Sculptor Greely Myatt to visit Edinboro University November 12-13
Edinboro, Pa. – Nov. 4, 2014 – Artist Greely Myatt, will visit Edinboro on Wednesday and Thursday, November 12th and 13th, 2014 and will present an artist talk, student critique and a professional practices
discussion. All three events are free and open to the public.
In a recent review of Myatt’s current work, critic Fredric Koeppel notes that “Greely
Myatt has built a career as an artist on exploring, in ways that include implied narrative,
humor and deep borrowing from popular culture, the conjunctions and differences among
thought, speech and action.” Myatt’s sculptures of thought-bubbles, exclamation points
and other punctuation marks are carved from soap-stone or fabricated from cedar, wax,
aluminum and linoleum. Koeppel describes Myatt as a “sculptor of great ingenuity,
geniality, wit and material dexterity.”
Born and educated in Mississippi, Myatt lives and works in Memphis, Tennessee, where
he is Professor of Art at The University of Memphis. Myatt’s sculptures and installations
have been exhibited across the United States, Europe and Japan and honored with several
grants and fellowships. Represented by the Sandler Hudson Gallery in Atlanta and the
David Lusk Gallery in Memphis, Myatt’s work has been reviewed in Art in America, ArtNews, Sculpture Magazine and in online versions of ArtForum and Juxtapoz Magazine.
While visiting Edinboro University of PA, Greely Myatt will:
- Give a 90 minute Artist Talk on his work and experience at 7:30 PM on Thursday, November 13th at the Doucette Hall 119.
- conduct a one hour critique of student work on Thursday, November 13th in Loveland Hall 01 and/or the Sculpture Barn.
- present a 30-60-minute Professional Practices Discussion on his experience in the field on Wednesday, November 12th at the Loveland Hall Sculpture Barn at 7:30pm.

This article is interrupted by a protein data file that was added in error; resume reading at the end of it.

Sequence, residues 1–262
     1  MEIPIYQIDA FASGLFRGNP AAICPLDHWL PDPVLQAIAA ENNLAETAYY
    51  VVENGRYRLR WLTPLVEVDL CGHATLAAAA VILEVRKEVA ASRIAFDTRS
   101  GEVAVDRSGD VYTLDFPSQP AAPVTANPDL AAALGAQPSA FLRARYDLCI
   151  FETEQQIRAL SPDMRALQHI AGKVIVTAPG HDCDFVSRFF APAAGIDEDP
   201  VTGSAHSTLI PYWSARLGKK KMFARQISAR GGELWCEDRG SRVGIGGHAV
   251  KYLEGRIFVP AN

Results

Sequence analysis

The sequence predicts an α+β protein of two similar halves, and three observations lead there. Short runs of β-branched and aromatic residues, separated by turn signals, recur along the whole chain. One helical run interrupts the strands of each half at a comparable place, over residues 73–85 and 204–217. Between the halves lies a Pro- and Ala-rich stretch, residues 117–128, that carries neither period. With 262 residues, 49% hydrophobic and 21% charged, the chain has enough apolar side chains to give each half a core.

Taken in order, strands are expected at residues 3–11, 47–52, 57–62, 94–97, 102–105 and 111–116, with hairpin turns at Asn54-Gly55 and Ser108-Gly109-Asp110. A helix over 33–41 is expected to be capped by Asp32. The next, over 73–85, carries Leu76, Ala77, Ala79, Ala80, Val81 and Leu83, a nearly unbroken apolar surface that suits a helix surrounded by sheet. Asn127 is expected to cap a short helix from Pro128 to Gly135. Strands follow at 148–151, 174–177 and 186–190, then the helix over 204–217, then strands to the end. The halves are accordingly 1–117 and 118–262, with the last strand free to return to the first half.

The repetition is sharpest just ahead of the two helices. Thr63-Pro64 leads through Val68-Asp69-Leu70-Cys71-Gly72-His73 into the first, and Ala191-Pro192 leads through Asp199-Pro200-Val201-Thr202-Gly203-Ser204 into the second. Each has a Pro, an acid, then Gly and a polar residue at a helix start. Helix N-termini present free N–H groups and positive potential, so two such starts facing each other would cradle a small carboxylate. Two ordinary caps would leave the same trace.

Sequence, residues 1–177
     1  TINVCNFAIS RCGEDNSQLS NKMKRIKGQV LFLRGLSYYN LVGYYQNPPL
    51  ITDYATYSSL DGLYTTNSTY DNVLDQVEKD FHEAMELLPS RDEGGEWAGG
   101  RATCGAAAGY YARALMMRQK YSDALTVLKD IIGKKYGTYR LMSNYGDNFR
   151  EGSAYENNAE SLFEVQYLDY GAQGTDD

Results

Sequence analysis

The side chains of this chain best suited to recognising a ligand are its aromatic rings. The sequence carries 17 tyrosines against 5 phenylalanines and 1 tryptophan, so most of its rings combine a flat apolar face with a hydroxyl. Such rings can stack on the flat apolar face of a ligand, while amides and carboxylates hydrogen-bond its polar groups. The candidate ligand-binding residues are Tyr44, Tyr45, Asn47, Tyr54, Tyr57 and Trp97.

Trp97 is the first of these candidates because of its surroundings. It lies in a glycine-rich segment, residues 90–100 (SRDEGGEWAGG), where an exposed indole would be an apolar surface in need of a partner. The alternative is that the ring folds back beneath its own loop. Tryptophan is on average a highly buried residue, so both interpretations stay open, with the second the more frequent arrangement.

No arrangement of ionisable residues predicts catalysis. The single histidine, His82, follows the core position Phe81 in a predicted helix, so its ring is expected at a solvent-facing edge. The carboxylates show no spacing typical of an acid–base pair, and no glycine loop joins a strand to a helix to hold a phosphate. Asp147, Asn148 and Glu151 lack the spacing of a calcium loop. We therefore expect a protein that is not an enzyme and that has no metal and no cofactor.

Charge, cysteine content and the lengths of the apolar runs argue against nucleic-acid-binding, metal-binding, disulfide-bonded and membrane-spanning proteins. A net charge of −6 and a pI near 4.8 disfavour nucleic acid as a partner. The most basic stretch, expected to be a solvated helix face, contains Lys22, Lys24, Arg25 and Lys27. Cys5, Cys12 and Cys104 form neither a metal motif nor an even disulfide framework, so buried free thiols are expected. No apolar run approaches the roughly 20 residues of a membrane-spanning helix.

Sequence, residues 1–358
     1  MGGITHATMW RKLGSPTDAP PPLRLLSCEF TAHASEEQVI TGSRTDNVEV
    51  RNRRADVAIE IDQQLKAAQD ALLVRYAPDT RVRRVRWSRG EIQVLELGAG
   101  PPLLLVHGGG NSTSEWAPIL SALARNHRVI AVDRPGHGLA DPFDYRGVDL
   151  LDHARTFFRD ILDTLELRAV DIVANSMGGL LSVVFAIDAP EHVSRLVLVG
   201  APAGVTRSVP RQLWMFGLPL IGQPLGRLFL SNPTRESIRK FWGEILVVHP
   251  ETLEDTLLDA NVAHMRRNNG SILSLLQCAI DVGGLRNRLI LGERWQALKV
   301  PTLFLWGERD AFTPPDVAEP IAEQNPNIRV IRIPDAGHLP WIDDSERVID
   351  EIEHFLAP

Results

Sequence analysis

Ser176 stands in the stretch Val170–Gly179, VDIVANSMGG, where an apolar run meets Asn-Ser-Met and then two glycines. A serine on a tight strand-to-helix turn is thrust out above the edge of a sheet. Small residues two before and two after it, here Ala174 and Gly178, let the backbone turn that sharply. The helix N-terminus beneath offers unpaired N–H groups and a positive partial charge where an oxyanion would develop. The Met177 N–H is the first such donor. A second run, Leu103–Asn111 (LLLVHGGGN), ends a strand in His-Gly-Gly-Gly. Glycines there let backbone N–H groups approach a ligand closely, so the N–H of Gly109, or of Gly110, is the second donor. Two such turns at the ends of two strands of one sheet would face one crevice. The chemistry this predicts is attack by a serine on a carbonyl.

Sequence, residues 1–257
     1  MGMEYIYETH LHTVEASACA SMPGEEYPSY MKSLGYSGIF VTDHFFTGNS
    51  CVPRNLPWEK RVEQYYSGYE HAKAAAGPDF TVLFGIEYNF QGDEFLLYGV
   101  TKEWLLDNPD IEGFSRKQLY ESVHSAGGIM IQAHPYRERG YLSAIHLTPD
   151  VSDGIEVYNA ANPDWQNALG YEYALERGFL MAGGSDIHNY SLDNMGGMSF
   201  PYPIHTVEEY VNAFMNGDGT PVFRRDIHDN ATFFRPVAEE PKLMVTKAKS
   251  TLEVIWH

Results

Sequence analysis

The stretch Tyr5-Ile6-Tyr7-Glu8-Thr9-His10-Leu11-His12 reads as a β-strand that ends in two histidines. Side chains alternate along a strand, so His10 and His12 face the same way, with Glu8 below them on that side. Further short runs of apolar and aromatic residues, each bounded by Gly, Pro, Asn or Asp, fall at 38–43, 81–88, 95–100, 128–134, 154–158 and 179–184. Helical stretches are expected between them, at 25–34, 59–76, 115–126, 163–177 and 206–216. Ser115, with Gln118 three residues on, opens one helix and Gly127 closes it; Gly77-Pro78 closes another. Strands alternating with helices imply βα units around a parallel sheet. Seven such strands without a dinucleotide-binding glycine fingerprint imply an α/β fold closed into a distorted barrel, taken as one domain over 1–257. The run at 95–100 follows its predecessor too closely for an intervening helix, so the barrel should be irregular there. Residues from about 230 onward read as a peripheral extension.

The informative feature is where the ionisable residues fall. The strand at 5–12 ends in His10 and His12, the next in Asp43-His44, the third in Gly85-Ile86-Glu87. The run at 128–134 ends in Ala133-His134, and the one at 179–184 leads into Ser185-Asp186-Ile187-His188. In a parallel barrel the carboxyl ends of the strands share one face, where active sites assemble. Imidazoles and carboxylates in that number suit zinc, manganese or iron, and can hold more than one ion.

Myatt’s visit to Edinboro has been organized by the Student Art League, Sculpture,
Fibers and Expanded Media, and Critique Clubs, and funded by the Edinboro University
of PA Student Government Association (EUPSGA.)
Thomas Allen Harris Lecture
Thomas Allen Harris is the founder and President of Chimpanzee Productions a company
dedicated to producing unique audio-visual experiences that illuminate the Human Condition
and the search for identity, family, and spirituality. Chimpanzee’s innovative and
award-winning films have received critical acclaim at International film festivals
such as Sundance, Berlin, Toronto, FESPACO, Outfest, Flaherty and Cape Town and have
been broadcast on PBS, the Sundance Channel, ARTE, as well as CBC, Swedish Broadcasting
Network and New Zealand Television. In addition, Harris’ videos and installations
have been featured at prestigious museums and galleries including the Museum of Modern
Art, Whitney Biennial, Corcoran Gallery, Reina Sophia, London Institute of the Arts
and the Gwangju Biennale.
The evening is hosted by Dr. Marina Levina, Professor of Communications at the University
of Memphis. Peculiar presentations and creepy conversations about all things that
go bump in pop culture.
PechaKucha began in Tokyo as an opportunity for artists, designers and architects
to show samples of their work in a "20x20" presentation style (showing 20 slides for
only 20 seconds per slide for concise, dynamic presentation). Over the last 9 years,
PechaKucha Nights have expanded globally to become fun, informal events sharing a
wide array of interesting topics. Learn more here.
Todd Richardson Talks About Crosstown Arts on the Creative Memphis Podcast
Hear how it all came together and what Todd's experience has been like here.
Distinguished Alumni Lecture Series: Hamlet Dobbins
A native of Tennessee, Hamlett Dobbins spent most of his life in Memphis. He received his BFA from the University of Memphis
in 1993 and went on to receive his MA and MFA from the University of Iowa in Iowa
City. After completing his graduate studies, Dobbins moved to Memphis where he worked
as a curator for Delta Axis at Marshall Arts while teaching at University of Memphis,
University of Mississippi, and at Memphis College of Art. In 2000 he received a fellowship
for a residency at the Vermont Studio Center in Johnson, Vermont as well as a three
month residency at the Bemis Center for Contemporary Art in Omaha, Nebraska. He has
received grants from the Pollock Krasner Foundation as well as the Tennessee Arts
Commission’s Individual Artists Grant. He has shown his work throughout the region